• You are here:
  • Home »
  • Blog »
  • Blog »

Why Stick with a Globally Diversified Portfolio? Principle 7 in Evidence-Based Investing

Why Stick with a Globally Diversified Portfolio? Principle 7 in Evidence-Based Investing

Why buy and hold a globally diversified portfolio instead of reacting to breaking news? Political, social, and economic headlines come and go. But you never know which market segments will outperform from day to day, or even year to year. This makes global diversification your best strategy for seeking market returns, wherever and whenever they appear.

Breaking News and Globally Diversified Portfolio Views

A man reading a newspaper.
Photographer: Myznik Egor | Source: Unsplash

We happen to be posting this Evidence-Based Investing Principles installment at the height of a shift in Washington, with the January 20th inauguration day fast approaching. Will Biden’s wealth-based tax proposals come to pass? Will stock markets rise or fall? What else is about to change? Hordes of professionals and amateurs continuously speculate on what all this and more will mean to investors.

Too bad for them, the more surprising the news may be, the more erratically prices might swing in response. That’s the markets for you. Like a bucking bronco, near-term market returns usually exhibit more periods of wild volatility than a steady-as-she-goes trot.

In short, hanging tight to a globally diversified portfolio helps tame the beast. It can smooth some of the leaps and dives you must endure along the way to your expected returns.

If you’d like to see data-driven illustrations of how this works, check out “How to diversify your investments,” by financial author Larry Swedroe, and/or “When boring is good investing,” by financial author Craig L. Israelsen.

For a faster take, imagine several rough-and-tumble, upwardly mobile lines that represent several kinds of holdings. Individually, each represents a bumpy ride. Bundled together, the upward mobility remains, but the jaggedness along the way can be dampened (albeit never completely eliminated).

graph showing globally diversified portfolio
Illustrative examples. Diversification does not eliminate the risk of market loss.

Covering the Market

A key reason a globally diversified portfolio helps is because different market components respond differently to price-changing events. When one type of investment may zig due to particular news, another may zag. Instead of trying to move in and out of favored components, remain diversified across a wide variety of them. This increases the odds that, when some of your holdings are underperforming, others will outperform or at least hold their own.

The results of diversification aren’t perfectly predictable. But it helps create a blanket of coverage for capturing market returns where and when they occur. This goes a long way toward replacing guesswork with a coherent, cost-effective strategy for managing desired outcomes.

Diversification helps take the guesswork out of investing

The “Crazy Quilt Chart” below is a classic illustration of this concept. After viewing a color-coded layout of which market factors have been the winners and losers in past years, it’s clear there’s never been a consistent pattern.

In other words, if you can predict how each column of best and worst performers will stack up in years to come, your psychic powers are greater than ours. More realistically, it’s best to assume we never know which markets will outperform from year to year.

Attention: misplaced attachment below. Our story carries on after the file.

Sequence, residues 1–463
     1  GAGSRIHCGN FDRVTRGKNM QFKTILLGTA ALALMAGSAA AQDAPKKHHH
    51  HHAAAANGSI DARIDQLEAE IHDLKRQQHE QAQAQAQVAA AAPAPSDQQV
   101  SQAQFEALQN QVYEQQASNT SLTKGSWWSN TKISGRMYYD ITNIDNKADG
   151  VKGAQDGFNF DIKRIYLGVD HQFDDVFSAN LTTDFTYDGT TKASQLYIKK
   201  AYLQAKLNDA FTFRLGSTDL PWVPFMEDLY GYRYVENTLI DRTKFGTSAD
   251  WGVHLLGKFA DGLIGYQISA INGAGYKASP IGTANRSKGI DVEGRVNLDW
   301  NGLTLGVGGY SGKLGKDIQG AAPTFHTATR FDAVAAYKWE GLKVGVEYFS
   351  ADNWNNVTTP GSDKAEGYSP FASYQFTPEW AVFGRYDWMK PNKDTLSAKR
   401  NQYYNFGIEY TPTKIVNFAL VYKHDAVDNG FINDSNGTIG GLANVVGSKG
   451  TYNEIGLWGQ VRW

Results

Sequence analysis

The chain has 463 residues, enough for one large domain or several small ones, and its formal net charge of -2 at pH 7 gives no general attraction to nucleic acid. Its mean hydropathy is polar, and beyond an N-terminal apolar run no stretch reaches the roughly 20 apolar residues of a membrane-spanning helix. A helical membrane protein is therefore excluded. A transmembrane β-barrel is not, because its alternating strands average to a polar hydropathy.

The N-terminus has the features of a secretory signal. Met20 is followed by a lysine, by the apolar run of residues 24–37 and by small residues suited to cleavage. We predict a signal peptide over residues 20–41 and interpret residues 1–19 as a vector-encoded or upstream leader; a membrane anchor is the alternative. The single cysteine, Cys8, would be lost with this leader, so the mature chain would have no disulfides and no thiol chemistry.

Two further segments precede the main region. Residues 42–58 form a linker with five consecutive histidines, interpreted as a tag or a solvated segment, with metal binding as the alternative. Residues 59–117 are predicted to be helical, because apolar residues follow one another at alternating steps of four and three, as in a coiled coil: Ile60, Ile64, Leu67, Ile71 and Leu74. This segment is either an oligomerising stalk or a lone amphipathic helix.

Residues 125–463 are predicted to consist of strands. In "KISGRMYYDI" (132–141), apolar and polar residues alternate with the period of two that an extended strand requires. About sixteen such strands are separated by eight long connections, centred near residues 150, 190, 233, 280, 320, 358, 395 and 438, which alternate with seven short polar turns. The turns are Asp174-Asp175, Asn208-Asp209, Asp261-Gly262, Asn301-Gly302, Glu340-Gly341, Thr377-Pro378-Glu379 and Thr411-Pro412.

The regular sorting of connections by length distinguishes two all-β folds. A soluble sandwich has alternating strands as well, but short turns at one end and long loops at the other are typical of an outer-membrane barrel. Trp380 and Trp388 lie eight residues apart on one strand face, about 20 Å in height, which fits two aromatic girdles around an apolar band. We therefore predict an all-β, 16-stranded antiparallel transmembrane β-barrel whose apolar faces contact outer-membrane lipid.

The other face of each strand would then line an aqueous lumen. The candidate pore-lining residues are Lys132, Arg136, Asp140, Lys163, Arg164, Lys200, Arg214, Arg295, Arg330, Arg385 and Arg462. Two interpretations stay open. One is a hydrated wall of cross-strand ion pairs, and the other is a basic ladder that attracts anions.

patchwork of returns from globally diversified portfolio
In US dollars. Source: S&P and Dow Jones data © 2020 S&P Dow Jones Indices LLC, a division of S&P Global.
See additional disclosures below.*

Without a crystal ball, your best bet is to build that encompassing globally diversified portfolio, and stick with it over time. This positions you to capture returns wherever they occur. What does such a portfolio look like? In our last post, we covered how to Diversify Your Investment Universe.

Your Take-Home

A globally diversified portfolio offers you wide, more manageable exposure to the market’s long-term expected returns, as well as a smoother expected ride along the way. Perhaps most important, it eliminates the need to try to forecast future market movements. This, in turn, helps reduce the nagging self-doubts that throw so many investors off-course.

To see all 10 principles of Evidence-Based Investing at a glance, please visit our Evidence-Based Principles Guide. These principles inform our investing process.

* All rights reserved. Frank Russell Company is the source and owner of the trademarks, service marks, and copyrights related to the Russell Indexes. Dimensional Index data compiled by Dimensional. MSCI data © 2020, all rights reserved. ICE BofA index data © 2020 ICE Data Indices, LLC. Bloomberg Barclays data provided by Bloomberg. FTSE fixed income indices © 2020 FTSE Fixed Income LLC. All rights reserved. See “Index Descriptions” in the appendix for descriptions of Dimensional’s index data. Diversification does not eliminate the risk of market loss. Past performance is not a guarantee of future results. Indices are not available for direct investment. Their performance does not reflect expenses associated with the management of an actual portfolio.

About the Author Doug Finley

Douglas Finley, MS, CFP, AEP, CDFA founded Finley Wealth Advisors in February of 2006, as a Fiduciary Fee-Only Registered Investment Advisor, with the goal of creating a firm that eliminated the conflicts of interest inherent in the financial planner – advisor/client relationship. The firm specializes in wealth management for the middle-class millionaire.

follow me on:

Stay Informed With Our Latest Articles To Increase Your Financial Awareness